Once hostile, NASA holds first public meeting on UFOs
The truth is out there—but we're going to need to look harder.
Scientists at NASA's first ever public meeting on "unidentified anomalous phenomena"—more commonly called UFOs—called Wednesday for a more rigorous scientific approach to clarify the origin of hundreds of mysterious sightings.
The space agency announced last year it was analyzing observations in the sky that can't be identified as aerial or natural phenomena—a subject that has long fascinated the public but was shunned by mainstream science.
An independent team of 16 scientists are due to report their findings in a report by the end of July, with Wednesday's working meeting a forum for its final deliberations.
"The current existing data and eyewitness reports alone are insufficient to provide conclusive evidence," astrophysicist David Spergel, chair of the study, said in livestreamed remarks.
"One of the lessons we've drawn is the need for more high quality data and data that is, measured with well calibrated instruments, multiple observations, and there's a need for high quality data curation," he added.
There have been more than 800 events collected over 27 years, of which two to five percent of them are thought to be possibly anomalous, said science journalist Nadia Drake, part of the study.
These are defined as "anything that is not readily understandable by the operator or the sensor," or "something that is doing something weird."
In a presentation, Sean Kirkpatrick, director of Pentagon's All-Domain Anomaly Resolution office, showed a new video of two distant dots moving back and forth on a screen, as recorded by a P3 military aircraft in the western United States, which became three dots.
The P3 was unable to intercept the dots, and the pilot reported the event. But later analysis revealed the objects were very far away and likely commercial aircraft on a major flight corridor.
"This is the kind of thing that can spoof and/or provide misperception of both very highly trained pilots, as well as sensors," said Kirkpatrick. "When they're not sure, they're reporting it now, and that's what they're supposed to be doing."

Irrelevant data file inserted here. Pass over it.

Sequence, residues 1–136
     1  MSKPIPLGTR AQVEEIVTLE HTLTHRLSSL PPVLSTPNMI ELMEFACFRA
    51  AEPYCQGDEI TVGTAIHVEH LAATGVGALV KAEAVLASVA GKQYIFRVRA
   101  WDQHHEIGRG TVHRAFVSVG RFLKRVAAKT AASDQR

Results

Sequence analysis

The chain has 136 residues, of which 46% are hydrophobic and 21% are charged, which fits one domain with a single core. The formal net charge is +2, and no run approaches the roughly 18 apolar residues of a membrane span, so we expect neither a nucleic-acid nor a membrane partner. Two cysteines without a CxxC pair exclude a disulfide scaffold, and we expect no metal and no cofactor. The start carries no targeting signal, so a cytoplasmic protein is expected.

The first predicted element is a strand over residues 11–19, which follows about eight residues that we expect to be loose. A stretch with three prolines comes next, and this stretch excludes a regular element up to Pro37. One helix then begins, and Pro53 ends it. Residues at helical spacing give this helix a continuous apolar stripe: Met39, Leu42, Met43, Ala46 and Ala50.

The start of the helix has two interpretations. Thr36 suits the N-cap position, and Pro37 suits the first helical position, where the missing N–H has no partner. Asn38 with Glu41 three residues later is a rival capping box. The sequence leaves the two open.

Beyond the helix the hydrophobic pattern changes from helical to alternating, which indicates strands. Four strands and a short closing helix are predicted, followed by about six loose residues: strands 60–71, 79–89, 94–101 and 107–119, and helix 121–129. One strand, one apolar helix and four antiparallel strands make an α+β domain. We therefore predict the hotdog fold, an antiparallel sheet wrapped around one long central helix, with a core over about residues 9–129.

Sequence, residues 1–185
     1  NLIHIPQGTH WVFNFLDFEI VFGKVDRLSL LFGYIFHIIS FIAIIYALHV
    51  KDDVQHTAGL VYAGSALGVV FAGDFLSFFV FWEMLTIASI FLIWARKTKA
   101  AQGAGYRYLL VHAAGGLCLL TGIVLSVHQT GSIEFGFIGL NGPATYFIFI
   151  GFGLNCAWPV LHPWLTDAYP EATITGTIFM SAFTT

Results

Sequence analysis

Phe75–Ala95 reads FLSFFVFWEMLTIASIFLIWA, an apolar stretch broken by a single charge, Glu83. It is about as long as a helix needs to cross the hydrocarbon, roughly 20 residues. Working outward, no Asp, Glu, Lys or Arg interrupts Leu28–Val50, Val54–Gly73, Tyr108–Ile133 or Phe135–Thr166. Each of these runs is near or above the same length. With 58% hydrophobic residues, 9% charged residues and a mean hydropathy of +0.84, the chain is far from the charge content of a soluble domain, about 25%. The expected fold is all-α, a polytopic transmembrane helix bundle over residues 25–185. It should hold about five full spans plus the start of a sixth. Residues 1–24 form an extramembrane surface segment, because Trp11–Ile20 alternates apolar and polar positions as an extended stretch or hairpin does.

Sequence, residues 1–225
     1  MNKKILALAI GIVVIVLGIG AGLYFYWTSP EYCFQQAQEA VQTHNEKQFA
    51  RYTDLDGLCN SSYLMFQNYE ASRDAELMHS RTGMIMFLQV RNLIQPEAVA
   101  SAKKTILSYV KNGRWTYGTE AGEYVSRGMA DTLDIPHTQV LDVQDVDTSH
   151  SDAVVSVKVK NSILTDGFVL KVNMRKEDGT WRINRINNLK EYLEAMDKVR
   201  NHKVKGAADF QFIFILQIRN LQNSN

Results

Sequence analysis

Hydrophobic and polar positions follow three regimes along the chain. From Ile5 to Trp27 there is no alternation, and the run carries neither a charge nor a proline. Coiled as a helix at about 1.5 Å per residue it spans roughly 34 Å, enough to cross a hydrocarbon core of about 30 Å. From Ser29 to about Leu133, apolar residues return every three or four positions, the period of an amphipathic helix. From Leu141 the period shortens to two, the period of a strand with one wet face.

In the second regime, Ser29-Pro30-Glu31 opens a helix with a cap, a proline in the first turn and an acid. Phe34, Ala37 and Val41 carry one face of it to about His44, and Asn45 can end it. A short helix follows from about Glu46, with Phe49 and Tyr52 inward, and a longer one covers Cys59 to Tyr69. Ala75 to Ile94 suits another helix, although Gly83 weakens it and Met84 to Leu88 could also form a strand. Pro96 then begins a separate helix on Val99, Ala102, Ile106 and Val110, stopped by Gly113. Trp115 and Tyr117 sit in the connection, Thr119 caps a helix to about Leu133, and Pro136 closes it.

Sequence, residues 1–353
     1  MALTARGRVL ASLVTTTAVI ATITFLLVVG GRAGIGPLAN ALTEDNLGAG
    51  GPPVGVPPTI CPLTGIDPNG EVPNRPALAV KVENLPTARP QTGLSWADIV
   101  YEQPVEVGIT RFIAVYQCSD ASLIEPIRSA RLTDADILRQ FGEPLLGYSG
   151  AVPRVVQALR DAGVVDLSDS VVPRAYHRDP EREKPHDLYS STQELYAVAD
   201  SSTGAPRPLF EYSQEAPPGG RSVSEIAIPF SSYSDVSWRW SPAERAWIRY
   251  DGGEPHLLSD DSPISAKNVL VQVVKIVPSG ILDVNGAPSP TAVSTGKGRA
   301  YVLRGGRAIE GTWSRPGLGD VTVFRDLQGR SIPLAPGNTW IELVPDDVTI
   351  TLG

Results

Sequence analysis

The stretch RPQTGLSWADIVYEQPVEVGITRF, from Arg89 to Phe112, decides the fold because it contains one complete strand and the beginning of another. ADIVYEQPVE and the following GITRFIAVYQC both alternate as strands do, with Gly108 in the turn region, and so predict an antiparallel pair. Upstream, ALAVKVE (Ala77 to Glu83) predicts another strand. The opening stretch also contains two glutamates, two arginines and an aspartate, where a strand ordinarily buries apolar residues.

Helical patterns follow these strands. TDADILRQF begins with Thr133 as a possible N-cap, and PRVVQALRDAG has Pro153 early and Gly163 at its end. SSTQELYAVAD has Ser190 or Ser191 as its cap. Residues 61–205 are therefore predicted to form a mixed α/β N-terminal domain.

One example of a still unexplained phenomenon was a flying metallic orb spotted by an MQ-9 drone at an undisclosed location in the Middle East, added Kirkpatrick, replaying a video first shown to Congress last month.
"This is a typical example of a thing we see most of. We see these all over the world, and we see this making very interesting apparent maneuvers."
While NASA probes and rovers scour the solar system for the fossils of ancient microbes, and its astronomers look for signs of intelligent civilizations on distant planets, this is the first time NASA is investigating unexplained phenomena in Earth's skies.
The agency's posture in the past was to "debunk" such sightings—reinforcing the stigma over the hunt for alien life.
Several of the study's scientists have been subjected to online harassment as a result of their participation in the panel, revealed Dan Evans, who is coordinating the research.
"It's critical to understand any form of harassment towards our panelists only serves to detract from the scientific process, which requires an environment of respect and openness," he added.
NASA's work, which relies on unclassified material, is separate from a Pentagon investigation, though the two are coordinating on matters of how to apply scientific tools and methods.
"To date, in the refereed scientific literature, there is no conclusive evidence suggesting an extraterrestrial origin for UAV," summarized Drake.
© 2023 AFP